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Agriculture

  • Recruitment for KFB LEAD program underway

    Recruitment for Kentucky Farm Bureau’s next group of participants in the two-year, Leadership Enhancement for Agricultural Development (LEAD) program is now underway. Up to 15 individuals will be selected for this intensive learning experience as a way to equip the next generation of agricultural leaders with the tools to manage tomorrow’s challenges.

  • CRP participants may request authorization to conduct emergency haying or grazing of CRP acres

  • COLUMN: Preserving the garden

    I am getting ready to head back to U of L where I teach two courses, so I really need to get organized. The garden is still producing and time needs to be spent on turning some of the bounty into things that can be enjoyed during the winter months. I have had the dehydrator going every day this last week drying apples, peaches and berries, cherry tomatoes and potatoes. Plus, predictions of rising food costs (ironically, current reports indicate that grain and sugar prices are affecting prices now, and I don’t eat much of that.)

  • COLUMN: Tips for helping your lawn recover from summer heat

    Although we have had some rains here in Spencer County that other parts of the state haven’t had, our lawns are showing some of the effects of the hot, dry weather over the last couple of months.  If your lawn looks bad and needs some renovation, we are coming into the best time of the year to do some seeding.

  • FFA successful at dairy judging

     

    The Spencer County High School FFA team placed first at the Eastern Kentucky University dairy judging contest. Team members are, from left, Shane Greenwell, Bryce Martin, Cecilia Petersen and Marianne Gaddie. Marianne was named high individual, Bryce came in second and Cecilia was third overall.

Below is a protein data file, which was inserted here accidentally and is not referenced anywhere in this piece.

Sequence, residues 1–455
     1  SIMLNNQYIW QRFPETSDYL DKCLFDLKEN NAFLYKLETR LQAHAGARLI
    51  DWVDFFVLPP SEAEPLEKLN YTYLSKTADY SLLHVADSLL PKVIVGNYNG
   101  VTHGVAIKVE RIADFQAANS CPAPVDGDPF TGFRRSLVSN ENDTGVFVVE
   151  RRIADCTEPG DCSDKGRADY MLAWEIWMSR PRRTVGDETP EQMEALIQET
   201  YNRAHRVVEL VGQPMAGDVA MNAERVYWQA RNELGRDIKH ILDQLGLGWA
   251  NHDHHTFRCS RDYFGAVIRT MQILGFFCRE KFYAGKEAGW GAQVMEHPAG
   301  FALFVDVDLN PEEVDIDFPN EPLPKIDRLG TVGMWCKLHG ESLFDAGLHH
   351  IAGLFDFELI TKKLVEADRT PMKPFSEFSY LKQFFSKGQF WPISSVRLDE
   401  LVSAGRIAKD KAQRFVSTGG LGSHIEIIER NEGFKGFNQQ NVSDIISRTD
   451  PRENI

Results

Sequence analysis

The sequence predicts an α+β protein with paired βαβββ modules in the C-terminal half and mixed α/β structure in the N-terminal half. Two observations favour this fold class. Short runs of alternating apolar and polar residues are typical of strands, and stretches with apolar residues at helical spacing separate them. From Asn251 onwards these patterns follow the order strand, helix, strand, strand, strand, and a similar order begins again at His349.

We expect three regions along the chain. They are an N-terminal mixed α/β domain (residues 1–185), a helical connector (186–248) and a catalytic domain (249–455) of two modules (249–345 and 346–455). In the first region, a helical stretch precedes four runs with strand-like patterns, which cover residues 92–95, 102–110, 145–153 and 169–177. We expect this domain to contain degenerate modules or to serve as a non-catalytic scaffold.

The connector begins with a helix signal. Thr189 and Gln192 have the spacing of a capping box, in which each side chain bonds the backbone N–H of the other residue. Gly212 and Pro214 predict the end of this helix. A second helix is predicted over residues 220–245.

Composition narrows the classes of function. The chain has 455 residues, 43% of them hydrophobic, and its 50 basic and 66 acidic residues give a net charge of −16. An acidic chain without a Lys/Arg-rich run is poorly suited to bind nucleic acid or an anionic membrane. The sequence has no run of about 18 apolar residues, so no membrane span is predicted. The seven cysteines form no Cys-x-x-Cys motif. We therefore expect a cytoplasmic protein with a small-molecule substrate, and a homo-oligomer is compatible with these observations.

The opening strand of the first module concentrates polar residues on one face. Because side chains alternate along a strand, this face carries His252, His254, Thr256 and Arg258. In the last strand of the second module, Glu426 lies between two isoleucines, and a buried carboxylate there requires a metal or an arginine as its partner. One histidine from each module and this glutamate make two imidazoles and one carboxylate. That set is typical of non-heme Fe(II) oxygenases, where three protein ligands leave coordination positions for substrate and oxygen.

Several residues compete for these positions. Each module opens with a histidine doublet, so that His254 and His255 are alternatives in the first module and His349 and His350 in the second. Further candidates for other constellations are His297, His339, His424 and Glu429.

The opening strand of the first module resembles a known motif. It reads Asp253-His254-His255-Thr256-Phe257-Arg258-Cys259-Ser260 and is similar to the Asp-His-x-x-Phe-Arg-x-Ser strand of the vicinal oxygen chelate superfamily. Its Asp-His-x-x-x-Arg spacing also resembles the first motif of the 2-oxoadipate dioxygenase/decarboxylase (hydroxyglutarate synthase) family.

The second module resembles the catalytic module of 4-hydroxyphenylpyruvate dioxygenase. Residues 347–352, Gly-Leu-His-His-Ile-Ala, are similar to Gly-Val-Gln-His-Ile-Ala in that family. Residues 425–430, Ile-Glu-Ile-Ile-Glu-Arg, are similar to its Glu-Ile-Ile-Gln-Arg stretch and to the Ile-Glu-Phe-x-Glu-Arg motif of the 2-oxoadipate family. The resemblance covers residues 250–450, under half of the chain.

• This year's tomato crop: Heath, drought and blossom end rot

    Normally, a hot dry year would favor vegetable production as long as growers have adequate irrigation. However, when daytime temperatures inch up over 100 degrees Fahrenheit like we’ve seen several days this year, we begin to see problems with many vegetable crops.

  • To can or to freeze: Which is better?

     Soon, many vegetables and fruits will be ready for harvesting, and many gardeners will have more produce than they can readily eat. Those who want to preserve fresh, summer foods for later consumption will consider either freezing or canning the harvest. But is one way of preservation better than the other? The answer depends on the type of food you want to preserve.
    If proper techniques and correct temperatures are used, frozen foods retain greater amounts of their vitamin content, natural color, flavor and texture.

  • PHOTO: Cooper wins State FFA Quiz Contest

    Spencer County High School student Daniel Cooper was named the winner of the State FFA Quiz Contest on July 27 in Hardsinburg at the Kentucky FFA Leadership Training Center.

  • COLUMN: Cooperative extension celebrating 100 years of service

    Whether they rode up to a farm on a horse-drawn buggy or offer advice on the bed of a pick-up truck, county extension agents have been providing unbiased, researched-based information to Kentucky farmers for a century.

  • COLUMN: Watch for bagworms

    Who among us is guilty of not noticing something until it’s too late? Yes, all of a sudden there is nothing left of your blue spruce or arborvitae. Bagworms have been munching on the needles for weeks and we wonder how it all happened. Well, they are at work right now so go outside and take inventory of your evergreens because that’s what the bagworm likes the most. Now is the time they do their damage unless we put a stop to it.